Larger Font   Reset Font Size   Smaller Font  

Love Struck

Melissa Marr

  Love Struck

  Melissa Marr



  Title Page

  Love Struck

  Wicked Lovely



  Chapter 1

  Ink Exchange


  Chapter 1

  Back Ad

  About the Author


  About the Publisher

  Love Struck


  DESPITE IT BEING AT the beach, the party was lame. A few people were trying to turn noise into music: if Alana had been high or drunk, it might’ve been tolerable. But she was sober—and tense. Usually, the beach was where she found peace and pleasure; it was one of the only places where she felt like the world wasn’t impossibly out of order. But tonight, she felt anxious.

  A guy sat down beside her; he held out a cup. “You look thirsty.”

  “I’m not thirsty”—she glanced at him and tore her gaze away as quickly as she could—“or interested.” Eye candy. She didn’t date eye candy. She’d been watching her mother do that for years. It was so not the path Alana was taking. Ever. Instead, she stared at the singer. He was normal, not-tempting, not-exciting. He was cute and sweet, but not irresistible. That was the sort of guy Alana chose when she dated—safe, temporary, and easy to leave.

  She smiled at the singer. The bad rendition of a Beatles song shifted into a worse attempt at poetry. . .or maybe a cover of something new and emo. It didn’t really matter what it was: Alana was going to listen to it and not pay attention to the hot dreadlocked guy who was sitting too close beside her.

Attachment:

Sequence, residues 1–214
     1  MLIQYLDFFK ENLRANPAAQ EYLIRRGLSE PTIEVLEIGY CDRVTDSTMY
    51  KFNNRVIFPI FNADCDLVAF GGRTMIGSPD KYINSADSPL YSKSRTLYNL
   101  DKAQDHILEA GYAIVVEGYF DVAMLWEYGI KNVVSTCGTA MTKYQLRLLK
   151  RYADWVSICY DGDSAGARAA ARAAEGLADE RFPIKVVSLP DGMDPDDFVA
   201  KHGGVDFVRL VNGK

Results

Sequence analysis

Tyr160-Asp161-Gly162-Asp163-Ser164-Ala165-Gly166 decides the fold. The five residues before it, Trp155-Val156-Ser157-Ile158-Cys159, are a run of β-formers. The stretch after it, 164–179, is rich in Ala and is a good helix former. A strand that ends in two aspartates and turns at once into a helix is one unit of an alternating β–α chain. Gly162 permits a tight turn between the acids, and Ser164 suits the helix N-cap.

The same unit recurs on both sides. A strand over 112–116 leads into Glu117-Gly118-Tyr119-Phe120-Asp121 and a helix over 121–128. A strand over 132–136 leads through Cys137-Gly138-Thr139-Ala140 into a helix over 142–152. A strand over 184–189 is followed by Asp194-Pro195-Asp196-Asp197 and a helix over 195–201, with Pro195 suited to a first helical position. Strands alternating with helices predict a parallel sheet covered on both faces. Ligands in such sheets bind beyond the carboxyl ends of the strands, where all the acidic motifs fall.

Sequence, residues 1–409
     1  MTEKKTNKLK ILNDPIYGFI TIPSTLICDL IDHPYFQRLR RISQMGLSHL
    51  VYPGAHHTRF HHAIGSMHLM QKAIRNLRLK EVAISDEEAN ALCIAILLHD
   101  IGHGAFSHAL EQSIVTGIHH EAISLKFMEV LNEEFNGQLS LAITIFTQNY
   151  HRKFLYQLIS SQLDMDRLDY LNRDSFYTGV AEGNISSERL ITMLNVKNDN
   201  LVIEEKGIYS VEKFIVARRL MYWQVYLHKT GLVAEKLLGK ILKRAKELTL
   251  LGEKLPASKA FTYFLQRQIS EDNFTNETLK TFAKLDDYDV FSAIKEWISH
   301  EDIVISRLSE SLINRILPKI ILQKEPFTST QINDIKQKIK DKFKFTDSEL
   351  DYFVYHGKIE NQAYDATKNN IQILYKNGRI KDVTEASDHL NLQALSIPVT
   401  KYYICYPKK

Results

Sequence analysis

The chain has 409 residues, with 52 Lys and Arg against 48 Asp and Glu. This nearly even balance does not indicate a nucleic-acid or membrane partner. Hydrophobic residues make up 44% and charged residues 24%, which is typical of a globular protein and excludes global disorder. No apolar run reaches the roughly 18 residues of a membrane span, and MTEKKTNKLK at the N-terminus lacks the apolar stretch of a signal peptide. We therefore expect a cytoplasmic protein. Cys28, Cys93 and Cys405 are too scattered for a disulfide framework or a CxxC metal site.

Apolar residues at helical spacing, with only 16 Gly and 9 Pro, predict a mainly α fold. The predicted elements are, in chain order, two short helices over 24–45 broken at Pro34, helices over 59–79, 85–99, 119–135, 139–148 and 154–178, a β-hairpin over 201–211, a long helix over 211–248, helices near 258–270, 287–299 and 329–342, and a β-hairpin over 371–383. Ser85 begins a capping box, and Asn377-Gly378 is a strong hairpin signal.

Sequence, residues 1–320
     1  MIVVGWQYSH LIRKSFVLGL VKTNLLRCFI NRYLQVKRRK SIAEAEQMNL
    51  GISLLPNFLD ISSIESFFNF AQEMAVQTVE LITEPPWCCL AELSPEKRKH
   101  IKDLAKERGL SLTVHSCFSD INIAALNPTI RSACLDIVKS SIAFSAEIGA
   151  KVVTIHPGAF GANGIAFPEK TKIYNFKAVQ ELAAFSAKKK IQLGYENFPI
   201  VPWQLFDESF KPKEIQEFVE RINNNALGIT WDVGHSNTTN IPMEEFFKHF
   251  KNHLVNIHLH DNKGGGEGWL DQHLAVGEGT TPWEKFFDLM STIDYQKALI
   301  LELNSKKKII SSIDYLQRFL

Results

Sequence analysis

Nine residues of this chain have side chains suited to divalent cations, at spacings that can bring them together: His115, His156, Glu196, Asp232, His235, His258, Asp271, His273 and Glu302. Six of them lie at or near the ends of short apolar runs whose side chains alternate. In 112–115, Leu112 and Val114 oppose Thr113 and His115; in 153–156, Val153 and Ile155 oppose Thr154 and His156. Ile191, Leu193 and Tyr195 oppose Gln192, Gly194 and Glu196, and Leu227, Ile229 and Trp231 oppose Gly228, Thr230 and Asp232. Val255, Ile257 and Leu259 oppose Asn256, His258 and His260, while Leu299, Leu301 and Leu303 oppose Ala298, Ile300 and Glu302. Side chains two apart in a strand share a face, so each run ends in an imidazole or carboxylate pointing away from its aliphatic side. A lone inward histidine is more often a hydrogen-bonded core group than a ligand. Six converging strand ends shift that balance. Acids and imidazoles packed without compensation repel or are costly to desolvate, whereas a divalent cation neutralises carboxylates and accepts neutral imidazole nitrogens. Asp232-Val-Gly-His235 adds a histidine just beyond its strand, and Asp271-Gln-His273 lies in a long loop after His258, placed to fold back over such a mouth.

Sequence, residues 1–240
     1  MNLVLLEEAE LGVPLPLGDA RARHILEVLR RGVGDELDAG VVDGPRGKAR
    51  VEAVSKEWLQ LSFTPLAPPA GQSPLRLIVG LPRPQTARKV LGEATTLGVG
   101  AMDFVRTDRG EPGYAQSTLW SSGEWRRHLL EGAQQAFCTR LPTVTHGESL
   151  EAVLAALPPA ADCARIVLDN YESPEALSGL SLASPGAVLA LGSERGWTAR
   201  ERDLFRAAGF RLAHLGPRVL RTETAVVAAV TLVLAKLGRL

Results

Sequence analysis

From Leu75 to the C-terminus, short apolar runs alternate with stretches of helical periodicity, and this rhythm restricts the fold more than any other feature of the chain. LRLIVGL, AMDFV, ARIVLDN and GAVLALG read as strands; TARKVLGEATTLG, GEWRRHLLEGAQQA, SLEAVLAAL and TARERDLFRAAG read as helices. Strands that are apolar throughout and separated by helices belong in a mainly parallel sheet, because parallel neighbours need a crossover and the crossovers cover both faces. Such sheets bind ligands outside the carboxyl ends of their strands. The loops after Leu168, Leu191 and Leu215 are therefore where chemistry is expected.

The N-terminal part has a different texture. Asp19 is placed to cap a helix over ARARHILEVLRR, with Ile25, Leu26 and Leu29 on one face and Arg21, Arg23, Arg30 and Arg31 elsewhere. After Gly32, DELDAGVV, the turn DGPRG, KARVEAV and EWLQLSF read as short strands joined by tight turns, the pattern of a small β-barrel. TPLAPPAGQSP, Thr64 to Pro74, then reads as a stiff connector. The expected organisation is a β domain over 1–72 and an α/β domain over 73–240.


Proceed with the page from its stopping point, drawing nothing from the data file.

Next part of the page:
Dreadlocks, however, wasn’t taking the hint.

  “Are you cold? Here.” He tossed a long brown leather coat on the sand in front of her. It looked completely out of place for the crowd at the party.

  “No, thanks.” Alana scooted a bit away from him, closer to the fire. Burnt embers swirled and lifted like fireflies rising with the smoke.

  “You’ll get cold walking home and—”

  “Go away. Please.” Alana still didn’t look back at him. Polite wasn’t working. “I’m not interested, easy, or going to get drunk enough to be either of those. Seriously.”

  He laughed, seeming not insulted but genuinely amused. “Are you sure?”


  “It’d be easier this way. . ..”

  He moved closer, putting himself between her and the fire, directly in her line of view.

  And she had to look, not a quick glance, but a real look. Illuminated by the combined glow of firelight and moonlight, he was even more stunning than she’d feared: blond hair clumped in thick dreadlocks that stretched to his waist; a few of those thick strands were kelp-green; his tattered T-shirt had holes that allowed glimpses of the most defined abs she’d ever seen.

  He was crouched down, balancing on his feet. “Even if it wouldn’t upset Murrin, it’d be tempting to take you.”

  Dreadlocks reached out as if he was going to cup her face in his hand.

  Alana crab-walked backward, scuttling over the sand until she was just out of his reach. She scrambled to her feet and slipped a hand into the depths of her bag, past her shoes and her jumble of keys. She gripped her pepper spray and flicked the safety switch off, but didn’t pull it out of her bag yet. Logic said she was overreacting: There were other people around; she was safe here. But something about him felt wrong.

  “Back off,” she said.

  He didn’t move. “Are you sure? Really, it’d be easier for you this way. . ..”

  She pulled out the pepper spray.

  “It’s your choice, precious. It’ll be worse once he finds you.” Dreadlocks paused as if she’d say something or change her mind.

  She’d couldn’t reply to comments that made no sense, though—and she surely wasn’t going to change her mind about getting closer to him.